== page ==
There are health risks to older mothers of late pregnancy.

There are health risks to babies from older mothers. There are complications with multiple pregnancies.

There are higher costs of care for mother and child (or children).  And there are questions about the life those children will have.

There’s no national legislation imposing a maximum age for IVF in Australia and doctors are divided over whether there should be. There are guidelines in some states that recommend 50 years as the maximum age. IVF Australia says it usually imposes a limit of 52 as that is the natural age of menopause.  But Medical Director Dr Peter Illingworth says it’s a different case if the child is being carried for a younger couple; then cases are assessed on an individual basis.  He says the clinic that implanted four embryos into a 65 year old woman is grossly irresponsible.

Here are some mums, you may know, who have had children over 40. (Post continues after gallery.)

Interestingly a few years ago one of Britain’s oldest IVF mothers (who gave birth at 57) called for an age limit of 50 years for women seeking infertility treatment.  Now in her 60s, Susan Tollefson doesn’t regret having her daughter, but has said she struggles with raising a child, and with knowing that she has limited time to see her daughter grow up.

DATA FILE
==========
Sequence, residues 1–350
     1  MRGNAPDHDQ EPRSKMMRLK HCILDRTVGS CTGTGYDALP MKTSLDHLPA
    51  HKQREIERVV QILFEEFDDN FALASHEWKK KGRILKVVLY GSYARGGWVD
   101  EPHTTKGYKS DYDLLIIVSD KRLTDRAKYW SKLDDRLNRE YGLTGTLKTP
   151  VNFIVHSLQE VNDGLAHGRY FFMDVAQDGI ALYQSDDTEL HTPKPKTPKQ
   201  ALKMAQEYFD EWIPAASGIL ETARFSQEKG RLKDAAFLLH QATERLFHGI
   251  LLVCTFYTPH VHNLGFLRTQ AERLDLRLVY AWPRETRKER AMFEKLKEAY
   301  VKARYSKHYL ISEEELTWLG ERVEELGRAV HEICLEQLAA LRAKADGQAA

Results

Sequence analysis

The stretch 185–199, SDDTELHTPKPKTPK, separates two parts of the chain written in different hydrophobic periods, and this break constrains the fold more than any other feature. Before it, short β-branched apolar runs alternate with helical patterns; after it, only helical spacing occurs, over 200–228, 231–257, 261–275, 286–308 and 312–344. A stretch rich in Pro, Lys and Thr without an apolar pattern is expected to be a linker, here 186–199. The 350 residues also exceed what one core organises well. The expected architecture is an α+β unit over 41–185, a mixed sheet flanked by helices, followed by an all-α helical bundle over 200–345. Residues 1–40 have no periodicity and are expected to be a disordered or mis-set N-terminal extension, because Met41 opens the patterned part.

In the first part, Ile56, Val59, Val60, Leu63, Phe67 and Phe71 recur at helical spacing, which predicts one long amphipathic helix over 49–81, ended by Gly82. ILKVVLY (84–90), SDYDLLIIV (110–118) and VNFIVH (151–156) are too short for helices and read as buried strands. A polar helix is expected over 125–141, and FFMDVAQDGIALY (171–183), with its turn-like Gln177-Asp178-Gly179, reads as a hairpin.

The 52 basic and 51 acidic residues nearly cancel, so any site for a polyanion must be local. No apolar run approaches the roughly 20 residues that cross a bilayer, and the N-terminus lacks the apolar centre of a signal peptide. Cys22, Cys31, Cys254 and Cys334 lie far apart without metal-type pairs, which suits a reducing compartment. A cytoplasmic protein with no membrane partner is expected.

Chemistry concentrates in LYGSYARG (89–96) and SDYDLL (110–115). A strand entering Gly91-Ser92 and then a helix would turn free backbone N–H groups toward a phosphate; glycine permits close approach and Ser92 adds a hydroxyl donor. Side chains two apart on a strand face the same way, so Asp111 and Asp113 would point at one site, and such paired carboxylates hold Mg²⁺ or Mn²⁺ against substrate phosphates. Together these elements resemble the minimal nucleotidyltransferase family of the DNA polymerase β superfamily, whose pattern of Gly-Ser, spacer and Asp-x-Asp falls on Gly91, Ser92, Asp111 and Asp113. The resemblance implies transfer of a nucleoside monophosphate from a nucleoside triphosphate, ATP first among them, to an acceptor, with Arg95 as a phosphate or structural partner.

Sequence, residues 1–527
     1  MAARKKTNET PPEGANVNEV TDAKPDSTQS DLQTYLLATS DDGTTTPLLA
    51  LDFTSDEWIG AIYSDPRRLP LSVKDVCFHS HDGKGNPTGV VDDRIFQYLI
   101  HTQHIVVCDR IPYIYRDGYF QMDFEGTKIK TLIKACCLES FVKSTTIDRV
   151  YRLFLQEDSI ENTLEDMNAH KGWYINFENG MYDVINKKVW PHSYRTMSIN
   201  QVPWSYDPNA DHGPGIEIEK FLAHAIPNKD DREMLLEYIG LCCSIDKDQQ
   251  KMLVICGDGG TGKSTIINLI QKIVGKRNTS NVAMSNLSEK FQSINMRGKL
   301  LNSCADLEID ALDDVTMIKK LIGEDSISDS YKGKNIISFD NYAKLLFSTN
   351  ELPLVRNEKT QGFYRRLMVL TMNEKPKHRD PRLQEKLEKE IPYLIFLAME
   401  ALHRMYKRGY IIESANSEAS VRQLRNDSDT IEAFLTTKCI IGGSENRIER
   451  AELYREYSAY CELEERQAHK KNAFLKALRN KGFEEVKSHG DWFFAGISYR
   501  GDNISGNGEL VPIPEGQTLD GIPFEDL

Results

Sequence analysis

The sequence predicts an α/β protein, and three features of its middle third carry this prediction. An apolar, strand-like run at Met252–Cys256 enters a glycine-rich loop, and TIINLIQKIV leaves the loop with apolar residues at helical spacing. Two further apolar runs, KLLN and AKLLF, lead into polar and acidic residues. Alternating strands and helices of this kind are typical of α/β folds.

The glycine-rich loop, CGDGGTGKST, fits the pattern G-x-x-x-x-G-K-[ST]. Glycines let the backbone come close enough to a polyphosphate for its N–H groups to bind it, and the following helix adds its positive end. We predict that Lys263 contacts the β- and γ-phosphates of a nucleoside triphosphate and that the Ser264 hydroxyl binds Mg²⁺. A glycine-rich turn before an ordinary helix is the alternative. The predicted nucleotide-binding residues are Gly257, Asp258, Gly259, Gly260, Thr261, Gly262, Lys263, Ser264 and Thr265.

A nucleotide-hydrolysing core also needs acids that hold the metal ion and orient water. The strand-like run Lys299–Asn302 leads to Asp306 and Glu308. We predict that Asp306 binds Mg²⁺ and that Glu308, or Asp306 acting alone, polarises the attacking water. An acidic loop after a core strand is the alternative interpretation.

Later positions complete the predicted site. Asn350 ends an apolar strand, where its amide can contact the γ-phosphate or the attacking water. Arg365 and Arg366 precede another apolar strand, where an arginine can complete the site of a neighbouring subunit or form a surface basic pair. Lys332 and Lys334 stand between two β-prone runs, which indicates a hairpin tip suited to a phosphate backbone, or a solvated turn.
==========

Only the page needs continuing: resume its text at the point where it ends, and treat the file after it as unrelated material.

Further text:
I know there are many wonderful grandparents raising their grandchildren. I also know many have a hard time.

We don’t live in a communal society where we come home from hospital and hand over the baby to a tribe. We still have a nuclear family and the later in life we have a child the younger that child will be when they possibly have to live without a parent.

Besides that, there are children in desperate need of foster parents and carers.

Watch social media react to the news of the 65 year old mother. (Post continues after gallery).

The St James Ethics Centre also has concerns about the welfare of the children.  Executive Director Simon Longstaff says a 65-year-old mother “seems to be having the children to satisfy her own desires and not for their intrinsic values”.  He says as the mother grows older, the raising of the children will fall on her other children.

“The children will grow up to have the suspicion that they were conceived not as act of love for them, but to satisfy their mother’s own needs.’

Surrogacy is an altruistic act and a different ethical dilemma, shifting the risk to the grandmother/carrier rather than the child.

Still, it’s a hell of a way to get a grandchild.

Could you do it? Do you know anyone who has had a child for their child or had their own baby while aged way over 50?

Did you like this? Then you might want to read…

Survey calls for IVF to be banned for women over the age of 40.

This woman is a ‘mum’ to over 400 kids.

IVF data could save Australians a lot of heartbreak (and money). So why isn’t it made public?

IVF for older women: How old is too old to have children?

This post was originally published on Debrief Daily and has been republished with full permission.